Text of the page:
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A research team led by Professor Kelvin Yeung Wai-kwok from the Department of Orthopedics and Traumatology, School of Clinical Medicine, LKS Faculty of Medicine, The University of Hong Kong (HKUMed) has designed a non-invasive technology to revitalize the bactericidal effects of conventional antibiotics in multidrug-resistant (MDR) Escherichia coli (E. coli)-associated deep tissue infections, such as urinary tract and peritoneal infections.
In the study, iv flagyl uses MDR E. coli bacteria were found to be sensitive again to the intervention of conventional antibiotics when the bacterium was exposed to mild hyperthermic conditions (approximately 50 degrees Celsius). The team designed a novel microwave-responsive microsphere encapsulated with conventional antibiotics that could realize the in-situ hyperthermia therapy and antibiotic treatment simultaneously. Their results were published in Advanced Functional Materials
Among all the MDR bacteria, MDR E. coli, defined as Gram-negative bacterium, is one of the three pathogens of concern with critical priority identified by the World Health Organization (WHO). Due to its unique outer membrane structure, the bacterium can immunize itself to the treatment of most antibiotics available in clinics. There is a particular barrier found in the structure, namely the β-barrel assembly machine (BAM complex). When this complex combines with two other barriers—the MDR efflux pump and enzymatic degradation in cytoplasm—the bacterium can then effectively block the attack of antibiotics. However, conventional treatment can only weaken the function of the BamA protein (the main component of the BAM complex) instead of all three barriers at the same time.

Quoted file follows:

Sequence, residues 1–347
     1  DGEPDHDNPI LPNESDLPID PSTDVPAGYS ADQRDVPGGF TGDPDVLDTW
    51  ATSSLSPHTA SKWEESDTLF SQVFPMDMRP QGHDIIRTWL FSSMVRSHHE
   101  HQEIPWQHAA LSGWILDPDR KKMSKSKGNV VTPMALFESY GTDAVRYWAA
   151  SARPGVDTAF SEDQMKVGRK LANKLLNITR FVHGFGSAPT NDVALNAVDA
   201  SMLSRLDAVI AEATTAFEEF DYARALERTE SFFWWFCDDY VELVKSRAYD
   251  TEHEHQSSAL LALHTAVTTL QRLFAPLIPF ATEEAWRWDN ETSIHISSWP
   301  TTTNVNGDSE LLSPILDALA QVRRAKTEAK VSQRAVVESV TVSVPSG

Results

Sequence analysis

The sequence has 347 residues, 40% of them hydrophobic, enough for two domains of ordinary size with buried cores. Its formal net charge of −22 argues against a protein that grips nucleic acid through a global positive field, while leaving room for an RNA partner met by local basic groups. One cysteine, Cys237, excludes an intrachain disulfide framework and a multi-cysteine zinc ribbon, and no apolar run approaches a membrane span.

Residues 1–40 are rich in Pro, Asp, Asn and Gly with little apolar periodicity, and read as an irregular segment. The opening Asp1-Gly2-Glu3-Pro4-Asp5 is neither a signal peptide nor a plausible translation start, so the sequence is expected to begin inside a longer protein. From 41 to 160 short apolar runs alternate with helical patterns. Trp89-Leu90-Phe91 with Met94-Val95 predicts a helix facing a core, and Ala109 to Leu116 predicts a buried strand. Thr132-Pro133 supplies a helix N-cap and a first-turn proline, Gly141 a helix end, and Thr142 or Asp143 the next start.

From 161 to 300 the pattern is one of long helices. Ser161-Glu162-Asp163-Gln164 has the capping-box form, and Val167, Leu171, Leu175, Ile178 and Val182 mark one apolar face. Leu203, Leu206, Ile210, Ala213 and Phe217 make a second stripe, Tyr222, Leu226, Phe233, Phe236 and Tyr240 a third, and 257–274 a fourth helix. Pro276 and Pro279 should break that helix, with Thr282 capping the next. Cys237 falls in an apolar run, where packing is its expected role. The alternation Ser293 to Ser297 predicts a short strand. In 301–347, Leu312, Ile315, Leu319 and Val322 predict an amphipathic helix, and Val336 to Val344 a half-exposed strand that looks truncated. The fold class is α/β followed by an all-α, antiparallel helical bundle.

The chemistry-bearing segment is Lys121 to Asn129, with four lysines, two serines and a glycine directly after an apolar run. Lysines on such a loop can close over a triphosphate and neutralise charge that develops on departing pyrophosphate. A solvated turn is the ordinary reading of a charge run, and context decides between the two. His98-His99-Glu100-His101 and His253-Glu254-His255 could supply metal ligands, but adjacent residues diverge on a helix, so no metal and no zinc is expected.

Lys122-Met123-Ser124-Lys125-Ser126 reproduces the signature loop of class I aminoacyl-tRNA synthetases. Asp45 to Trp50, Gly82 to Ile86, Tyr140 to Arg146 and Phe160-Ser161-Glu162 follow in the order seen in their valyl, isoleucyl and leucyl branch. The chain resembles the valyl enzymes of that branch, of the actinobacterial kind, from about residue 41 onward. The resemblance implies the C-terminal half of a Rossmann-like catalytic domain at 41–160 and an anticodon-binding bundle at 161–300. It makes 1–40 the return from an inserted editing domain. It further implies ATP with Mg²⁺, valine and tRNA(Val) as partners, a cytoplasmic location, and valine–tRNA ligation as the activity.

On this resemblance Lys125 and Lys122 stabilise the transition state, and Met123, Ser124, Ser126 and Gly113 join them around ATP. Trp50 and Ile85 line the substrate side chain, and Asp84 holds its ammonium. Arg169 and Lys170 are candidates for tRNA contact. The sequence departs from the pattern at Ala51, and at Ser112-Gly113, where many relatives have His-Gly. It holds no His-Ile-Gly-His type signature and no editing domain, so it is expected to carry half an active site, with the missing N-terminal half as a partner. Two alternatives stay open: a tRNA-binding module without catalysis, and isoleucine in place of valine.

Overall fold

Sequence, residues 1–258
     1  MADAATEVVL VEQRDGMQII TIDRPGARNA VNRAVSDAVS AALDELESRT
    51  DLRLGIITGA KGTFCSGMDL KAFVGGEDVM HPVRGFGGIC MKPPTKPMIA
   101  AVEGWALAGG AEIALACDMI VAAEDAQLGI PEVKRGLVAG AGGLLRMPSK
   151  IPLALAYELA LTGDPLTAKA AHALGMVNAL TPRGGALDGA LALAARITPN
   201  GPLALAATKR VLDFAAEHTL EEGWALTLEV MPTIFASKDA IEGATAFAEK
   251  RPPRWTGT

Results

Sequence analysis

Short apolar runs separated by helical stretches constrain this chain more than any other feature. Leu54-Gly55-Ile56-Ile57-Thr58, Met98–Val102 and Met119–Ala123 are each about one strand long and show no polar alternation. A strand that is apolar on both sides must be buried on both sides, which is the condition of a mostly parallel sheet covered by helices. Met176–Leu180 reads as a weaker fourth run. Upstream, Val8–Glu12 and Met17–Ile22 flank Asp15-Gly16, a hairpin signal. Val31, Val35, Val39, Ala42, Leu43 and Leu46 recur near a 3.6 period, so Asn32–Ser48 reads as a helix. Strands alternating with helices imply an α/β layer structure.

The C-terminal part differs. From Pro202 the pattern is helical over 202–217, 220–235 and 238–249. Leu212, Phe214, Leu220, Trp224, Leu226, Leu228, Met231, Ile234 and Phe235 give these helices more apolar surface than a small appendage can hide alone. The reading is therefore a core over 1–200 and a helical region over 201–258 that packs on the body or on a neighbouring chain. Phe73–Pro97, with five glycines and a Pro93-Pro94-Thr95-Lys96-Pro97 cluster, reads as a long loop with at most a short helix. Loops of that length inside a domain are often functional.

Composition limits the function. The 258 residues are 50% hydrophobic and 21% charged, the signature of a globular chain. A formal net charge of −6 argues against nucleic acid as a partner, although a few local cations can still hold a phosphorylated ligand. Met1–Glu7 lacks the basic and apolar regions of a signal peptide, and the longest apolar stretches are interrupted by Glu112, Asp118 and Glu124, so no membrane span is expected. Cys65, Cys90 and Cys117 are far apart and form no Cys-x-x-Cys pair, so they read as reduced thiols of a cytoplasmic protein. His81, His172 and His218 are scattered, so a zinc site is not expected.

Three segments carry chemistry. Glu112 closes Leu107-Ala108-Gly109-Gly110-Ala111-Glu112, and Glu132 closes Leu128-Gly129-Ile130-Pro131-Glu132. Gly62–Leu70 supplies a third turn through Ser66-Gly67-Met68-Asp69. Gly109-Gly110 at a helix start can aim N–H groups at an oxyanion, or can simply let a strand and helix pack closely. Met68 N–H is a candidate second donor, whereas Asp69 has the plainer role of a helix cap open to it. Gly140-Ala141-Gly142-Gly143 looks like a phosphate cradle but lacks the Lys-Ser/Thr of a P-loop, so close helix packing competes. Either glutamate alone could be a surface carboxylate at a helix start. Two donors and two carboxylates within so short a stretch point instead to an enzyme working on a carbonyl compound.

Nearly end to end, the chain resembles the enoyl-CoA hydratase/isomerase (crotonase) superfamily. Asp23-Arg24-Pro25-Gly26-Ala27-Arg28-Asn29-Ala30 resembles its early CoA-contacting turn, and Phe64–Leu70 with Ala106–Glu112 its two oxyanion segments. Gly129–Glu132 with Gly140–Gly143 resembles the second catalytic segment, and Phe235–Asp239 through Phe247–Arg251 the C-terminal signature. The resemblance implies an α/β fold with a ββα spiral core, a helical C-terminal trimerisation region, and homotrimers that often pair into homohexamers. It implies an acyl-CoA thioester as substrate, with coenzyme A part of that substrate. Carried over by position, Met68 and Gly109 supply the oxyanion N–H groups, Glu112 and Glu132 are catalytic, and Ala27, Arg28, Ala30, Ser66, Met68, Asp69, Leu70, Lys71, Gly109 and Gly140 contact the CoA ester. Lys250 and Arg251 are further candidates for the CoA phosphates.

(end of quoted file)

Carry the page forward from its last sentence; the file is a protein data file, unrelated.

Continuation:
The research team discovered that these barriers became paralyzed temporarily if the infection site temperature was raised to about 50 degrees Celsius for only 10 minutes (a short-term and mild thermal treatment that is tolerable by human tissues). When conventional antibiotics were able to intervene at the same time, the team believed that the infection induced by gram-negative bacteria could be completely eliminated.
To investigate, they designed a novel microwave-responsive microsphere consisting of an FDA-approved biopolymer called poly(lactic-co-glycolic acid) (PLGA) that can generate mild heat subject to the stimulation of microwave signal. When this in-situ microwave hyperthermal (MWH) strategy was applied, it effectively re-sensitized the MDR E. coli to conventional antibiotic treatments, such as β-lactam, aminoglycoside, and tetracycline antibiotics.
The results demonstrated that the MWH strategy induced the structural turbulence of BAM complex, the functional obstruction of MDR efflux pumps, and the catalytic paralysis of related hydrolytic or modifying enzymes. Additionally, the treatment efficacy of this collective antibacterial strategy was demonstrated in animal models with urinary tract infection and peritoneal infection.
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